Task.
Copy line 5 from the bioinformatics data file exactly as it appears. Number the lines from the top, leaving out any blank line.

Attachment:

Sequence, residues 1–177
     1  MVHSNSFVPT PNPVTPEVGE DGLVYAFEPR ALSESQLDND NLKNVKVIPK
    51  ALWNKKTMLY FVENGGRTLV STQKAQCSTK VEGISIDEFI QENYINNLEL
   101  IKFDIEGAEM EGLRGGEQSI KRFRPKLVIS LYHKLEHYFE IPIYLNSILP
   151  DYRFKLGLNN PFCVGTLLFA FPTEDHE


   151  DYRFKLGLNN PFCVGTLLFA FPTEDHE